As one of thousands of area residents who lost electricity as a result of Tropical Storm Irma this week, Georgia Mountain Food Bank Executive Director Kay Blackstock understood the current need many families may have for food.
“I emptied my refrigerator and freezer (Thursday) and threw it in the garbage can, so I know folks can benefit from some stuff,” Blackstock said.
More than 100 families received bags of fruit, vegetables and baked goods provided Friday afternoon by the food bank in the parking lot of St. John Baptist Church, according to Blackstock. She said the food came from retail stores who regularly donate food to the organization as well as extra food she had ordered from the Atlanta Community Food Bank.
“None of this has to be in the refrigerator,” she said. ”That’s the beauty of the fresh food like this. It can sit out on the shelf and tide folks over. We also have some bread and baked goods. We are committed to trying to do a better job of weeding out the sweets, so you primarily have loaves of bread or rolls.”
Originally, the distribution was supposed to help families of New Holland Knowledge Academy and be held in conjunction with the school’s scheduled family night Thursday. However, the school event was canceled because schools were closed all week due to the effects of the storm.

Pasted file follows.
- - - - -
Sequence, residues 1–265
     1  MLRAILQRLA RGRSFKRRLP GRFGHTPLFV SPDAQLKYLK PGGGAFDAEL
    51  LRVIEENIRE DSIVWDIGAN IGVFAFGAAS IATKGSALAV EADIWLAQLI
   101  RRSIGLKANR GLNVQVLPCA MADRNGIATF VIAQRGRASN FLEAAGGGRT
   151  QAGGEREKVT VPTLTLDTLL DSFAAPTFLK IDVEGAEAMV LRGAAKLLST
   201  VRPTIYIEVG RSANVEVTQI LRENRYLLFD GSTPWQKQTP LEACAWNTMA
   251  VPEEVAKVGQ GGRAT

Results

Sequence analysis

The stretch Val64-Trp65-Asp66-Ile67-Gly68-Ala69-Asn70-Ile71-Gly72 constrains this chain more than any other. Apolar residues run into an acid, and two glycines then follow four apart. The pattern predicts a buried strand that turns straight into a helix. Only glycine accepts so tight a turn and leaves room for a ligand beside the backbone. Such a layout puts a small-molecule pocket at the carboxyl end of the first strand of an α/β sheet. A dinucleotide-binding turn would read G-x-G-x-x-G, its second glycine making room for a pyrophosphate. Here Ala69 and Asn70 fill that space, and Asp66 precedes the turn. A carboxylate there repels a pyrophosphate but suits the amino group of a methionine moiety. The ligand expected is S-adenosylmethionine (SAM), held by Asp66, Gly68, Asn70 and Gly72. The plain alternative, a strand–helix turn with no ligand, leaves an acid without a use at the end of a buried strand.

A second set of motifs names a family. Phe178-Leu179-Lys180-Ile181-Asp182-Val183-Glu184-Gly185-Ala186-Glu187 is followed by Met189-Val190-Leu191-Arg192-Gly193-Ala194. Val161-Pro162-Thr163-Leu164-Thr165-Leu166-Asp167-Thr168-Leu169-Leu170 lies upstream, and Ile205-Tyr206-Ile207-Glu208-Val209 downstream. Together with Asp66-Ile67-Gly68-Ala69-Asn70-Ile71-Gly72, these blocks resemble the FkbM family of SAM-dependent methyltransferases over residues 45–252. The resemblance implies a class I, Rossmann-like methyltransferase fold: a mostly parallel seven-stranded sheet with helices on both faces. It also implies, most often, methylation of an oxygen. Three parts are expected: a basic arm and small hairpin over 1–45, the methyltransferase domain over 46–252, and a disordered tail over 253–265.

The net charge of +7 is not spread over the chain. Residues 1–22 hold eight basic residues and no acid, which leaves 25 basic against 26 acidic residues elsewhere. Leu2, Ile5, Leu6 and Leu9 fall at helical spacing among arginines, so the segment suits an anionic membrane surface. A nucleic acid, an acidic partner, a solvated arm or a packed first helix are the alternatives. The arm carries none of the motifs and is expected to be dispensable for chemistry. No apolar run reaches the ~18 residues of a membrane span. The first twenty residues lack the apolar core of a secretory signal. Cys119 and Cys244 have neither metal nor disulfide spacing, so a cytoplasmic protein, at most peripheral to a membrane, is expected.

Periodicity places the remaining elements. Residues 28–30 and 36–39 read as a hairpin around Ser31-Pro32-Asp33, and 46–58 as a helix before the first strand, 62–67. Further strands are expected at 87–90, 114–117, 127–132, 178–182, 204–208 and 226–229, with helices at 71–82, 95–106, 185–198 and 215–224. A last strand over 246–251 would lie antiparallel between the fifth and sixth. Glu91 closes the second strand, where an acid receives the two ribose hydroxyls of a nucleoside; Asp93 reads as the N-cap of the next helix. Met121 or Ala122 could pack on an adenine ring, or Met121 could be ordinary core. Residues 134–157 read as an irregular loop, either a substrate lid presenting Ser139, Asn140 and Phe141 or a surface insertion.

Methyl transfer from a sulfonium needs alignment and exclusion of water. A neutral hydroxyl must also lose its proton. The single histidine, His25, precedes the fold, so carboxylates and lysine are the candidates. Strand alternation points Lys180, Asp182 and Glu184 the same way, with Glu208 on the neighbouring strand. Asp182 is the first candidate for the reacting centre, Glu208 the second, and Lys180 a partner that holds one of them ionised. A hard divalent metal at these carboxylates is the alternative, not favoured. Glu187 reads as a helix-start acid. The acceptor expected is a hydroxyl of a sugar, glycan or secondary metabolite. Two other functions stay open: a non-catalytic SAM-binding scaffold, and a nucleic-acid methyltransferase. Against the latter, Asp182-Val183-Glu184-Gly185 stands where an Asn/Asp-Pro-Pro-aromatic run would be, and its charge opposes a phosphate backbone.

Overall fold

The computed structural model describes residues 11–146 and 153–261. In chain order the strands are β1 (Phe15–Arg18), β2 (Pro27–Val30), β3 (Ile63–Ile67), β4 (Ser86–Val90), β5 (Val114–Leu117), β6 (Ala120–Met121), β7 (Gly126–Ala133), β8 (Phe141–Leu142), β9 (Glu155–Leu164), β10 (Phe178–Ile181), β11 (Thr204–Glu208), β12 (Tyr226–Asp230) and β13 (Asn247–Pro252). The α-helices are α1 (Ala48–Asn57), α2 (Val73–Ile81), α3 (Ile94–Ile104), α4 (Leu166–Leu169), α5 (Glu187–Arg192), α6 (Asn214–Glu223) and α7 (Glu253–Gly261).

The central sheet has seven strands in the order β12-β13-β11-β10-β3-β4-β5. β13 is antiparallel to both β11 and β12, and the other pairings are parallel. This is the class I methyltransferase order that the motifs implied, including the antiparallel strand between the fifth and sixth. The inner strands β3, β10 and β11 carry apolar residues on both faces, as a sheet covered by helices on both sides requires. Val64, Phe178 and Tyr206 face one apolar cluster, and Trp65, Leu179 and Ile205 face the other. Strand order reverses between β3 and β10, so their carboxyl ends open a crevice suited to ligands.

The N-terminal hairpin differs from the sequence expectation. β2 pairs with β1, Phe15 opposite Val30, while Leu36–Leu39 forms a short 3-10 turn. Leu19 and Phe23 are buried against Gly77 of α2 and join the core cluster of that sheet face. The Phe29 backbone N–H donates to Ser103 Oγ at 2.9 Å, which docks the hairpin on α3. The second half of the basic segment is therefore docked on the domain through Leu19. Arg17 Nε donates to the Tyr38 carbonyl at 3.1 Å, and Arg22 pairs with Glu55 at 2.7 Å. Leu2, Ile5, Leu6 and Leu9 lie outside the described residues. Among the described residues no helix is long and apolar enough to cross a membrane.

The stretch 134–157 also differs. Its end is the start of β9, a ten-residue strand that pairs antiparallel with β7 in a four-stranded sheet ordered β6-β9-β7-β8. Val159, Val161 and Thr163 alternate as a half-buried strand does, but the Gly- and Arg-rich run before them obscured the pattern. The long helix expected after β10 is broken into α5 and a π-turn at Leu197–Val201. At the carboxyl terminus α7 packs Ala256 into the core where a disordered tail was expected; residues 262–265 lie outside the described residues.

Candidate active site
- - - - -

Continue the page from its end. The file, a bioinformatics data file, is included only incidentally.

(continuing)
“But we had a truckload of produce coming and we had ordered surplus,” Blackstock said,
She contacted Stephen Samuel, pastor of St. John Baptist, who agreed to let the food bank do the giveaway in the parking lot. She asked New Holland school officials to help get the word out about the food distribution.
“Isn’t it amazing to think about that?” Samuel asked. “People without power have lost everything in their refrigerators and freezers and that doesn’t get replaced. It was really just by the grace of God that (Blackstock) called and said she wanted to come do this. I think it’s really great. People really appreciate it”
Yvette Patterson and her son Cartel Thurmond were among the people who lined up in the parking lot to receive the food. She said her family lost electricity for a few days this week before service was restored Thursday. Still, it was too late to save the food in her refrigerator. She said a friend called her to tell her about the food giveaway.
“We threw away quite a bit (of food),” Patterson said. “I need food for my household.”
Gregory Jones of Rabbittown said he came to get food to take to family members.
“It’s going to my mother’s house,” he said. “They went without power for about two or three days, so we’re trying to replenish some stuff in the house.”
Linda Glasper didn’t lose power, but still needed food.
“I’m on a fixed income,” she said. “It helps feed my family. It’s truly a blessing for my family.”
Michele Williams, who has been volunteering for the food bank since the summer, was helping distribute food Friday.
“Everybody needs food,” she said. “My mom and dad lost power all week and they need food, so I’m bringing them food.”
Williams added that even without so many people losing perishable foods because of power outages, the distribution would still have been important.
“It’s just as important because it’s the right thing to do,” Williams said.